I’m back in “my office” hurtling through space at a cruising altitude of 30,000’ in a giant metal vessel. Today, I’m in the aisle seat for a quick exit. I’ll try to make my very brief 30 minute layover and pray my bike and suitcase make the sprint into the next cargo space on the next plane. I’m on my way to the east coast for a couple weeks. My days at home in Boulder have been very limited this year. My friends are wondering where I am, and I’m thankful they still try to squeeze into my frenzied schedule. Some of them even mark on their calendar when I’ll be in town. I’m thankful they don’t give up on me. I have lists on my phone and computer of things I need to get done and feel frustrated that I always seem to be behind and overcommitted. I want to do it all… but I know I can’t and I’m simmering a little too close to the boil over point.
I just put down an issue of one of my favorite bike magazines- Switchback. This issue was particularly special. I like the feel of the paper in my hands and the photos. I had to pause as I felt my eyes fill up and my nose start to burn as I read Heidi Swift’s recount of MTB Ayiti. She did an amazing job bringing me back to the event as if I was there… and the fact of the matter is that I actually was there with her, and my story about it is in Mountain Flyer. Hers was much more eloquent- I deeply admire her writing style. I realized I used to write more personally and from the heart on my blog, and that now my posts are rushed just to get the words out so I can move onto the next thing. I decided to open my computer and decided to type my thought process like I used to do. I had a similar eyes blurring/nose burning reaction 2 nights ago during a presentation I gave at Primal Wear in Denver about my race in Nepal this past March. “What’s with me?” I wonder as the pressure in the cabin changes as we take off and hope that no one notices my emotional energy swirling furiously in seat 27C.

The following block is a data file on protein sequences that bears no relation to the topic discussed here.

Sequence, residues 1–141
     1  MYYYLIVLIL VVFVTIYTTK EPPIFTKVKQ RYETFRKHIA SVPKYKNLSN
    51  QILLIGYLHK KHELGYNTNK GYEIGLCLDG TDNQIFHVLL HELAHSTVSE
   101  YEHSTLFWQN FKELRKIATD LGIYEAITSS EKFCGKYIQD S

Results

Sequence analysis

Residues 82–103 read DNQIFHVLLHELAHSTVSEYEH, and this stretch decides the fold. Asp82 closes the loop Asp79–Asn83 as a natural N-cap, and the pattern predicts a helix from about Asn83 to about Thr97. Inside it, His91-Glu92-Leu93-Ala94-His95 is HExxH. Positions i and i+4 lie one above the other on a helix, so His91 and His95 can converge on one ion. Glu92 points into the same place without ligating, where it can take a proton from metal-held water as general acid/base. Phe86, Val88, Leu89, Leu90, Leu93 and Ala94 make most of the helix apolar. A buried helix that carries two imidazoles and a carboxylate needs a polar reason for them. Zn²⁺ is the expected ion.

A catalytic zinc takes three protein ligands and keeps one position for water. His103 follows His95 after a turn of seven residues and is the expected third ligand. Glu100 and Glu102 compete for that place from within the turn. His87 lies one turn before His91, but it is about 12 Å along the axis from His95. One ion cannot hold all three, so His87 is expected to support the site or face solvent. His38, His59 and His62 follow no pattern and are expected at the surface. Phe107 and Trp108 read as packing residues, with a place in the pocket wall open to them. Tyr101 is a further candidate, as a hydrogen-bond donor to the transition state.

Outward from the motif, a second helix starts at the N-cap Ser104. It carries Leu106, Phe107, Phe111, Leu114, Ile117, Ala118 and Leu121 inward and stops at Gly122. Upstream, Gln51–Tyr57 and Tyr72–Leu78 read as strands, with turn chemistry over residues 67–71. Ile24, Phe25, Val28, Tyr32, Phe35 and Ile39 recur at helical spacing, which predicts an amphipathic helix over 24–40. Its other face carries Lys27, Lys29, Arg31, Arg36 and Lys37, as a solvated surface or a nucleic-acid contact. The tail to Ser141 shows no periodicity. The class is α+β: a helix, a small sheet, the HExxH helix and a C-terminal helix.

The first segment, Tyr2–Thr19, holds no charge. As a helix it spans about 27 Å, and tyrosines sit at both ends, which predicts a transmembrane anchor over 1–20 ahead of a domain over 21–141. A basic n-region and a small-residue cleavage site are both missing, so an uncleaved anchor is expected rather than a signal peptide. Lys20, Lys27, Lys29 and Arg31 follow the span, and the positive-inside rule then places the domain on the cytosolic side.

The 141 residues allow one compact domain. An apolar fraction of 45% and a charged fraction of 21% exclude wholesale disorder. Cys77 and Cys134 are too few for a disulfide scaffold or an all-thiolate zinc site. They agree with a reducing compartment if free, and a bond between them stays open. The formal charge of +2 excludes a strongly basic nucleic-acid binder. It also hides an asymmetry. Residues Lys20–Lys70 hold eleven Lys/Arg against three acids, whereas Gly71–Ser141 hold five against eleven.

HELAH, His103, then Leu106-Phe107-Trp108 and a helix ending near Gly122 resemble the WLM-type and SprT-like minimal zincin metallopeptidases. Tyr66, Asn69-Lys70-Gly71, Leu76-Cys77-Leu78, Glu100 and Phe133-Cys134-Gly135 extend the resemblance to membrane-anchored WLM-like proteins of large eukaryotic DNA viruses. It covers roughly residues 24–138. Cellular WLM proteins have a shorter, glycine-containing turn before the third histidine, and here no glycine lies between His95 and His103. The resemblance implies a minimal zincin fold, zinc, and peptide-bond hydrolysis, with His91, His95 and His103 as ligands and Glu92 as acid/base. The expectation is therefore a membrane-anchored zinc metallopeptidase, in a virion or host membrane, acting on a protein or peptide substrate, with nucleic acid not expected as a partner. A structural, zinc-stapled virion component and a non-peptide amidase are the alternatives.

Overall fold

I sit quietly for a few moments eating my almond butter and cherry jam sandwich I brought with me and realize that although these events seem like a dreamlike whirlwind, they actually happened. I travel alone 90% of the time, and I actually enjoy sitting on a plane for hours because it gives me the rare downtime I crave if I can convince myself not to work on the plane. I delve a little deeper about my emotional state and I realize my reaction is one of extreme gratitude and almost disbelief. This is my real life. I still can’t believe I got here. It seems like just a year ago, I had my head down working 2 jobs, trying to train and race my bike as a first year pro, dealing with a heart wrenching break-up, and struggling through my masters degree in Electrical Engineering and wanting to quit. NO DNF. I was 22 years old.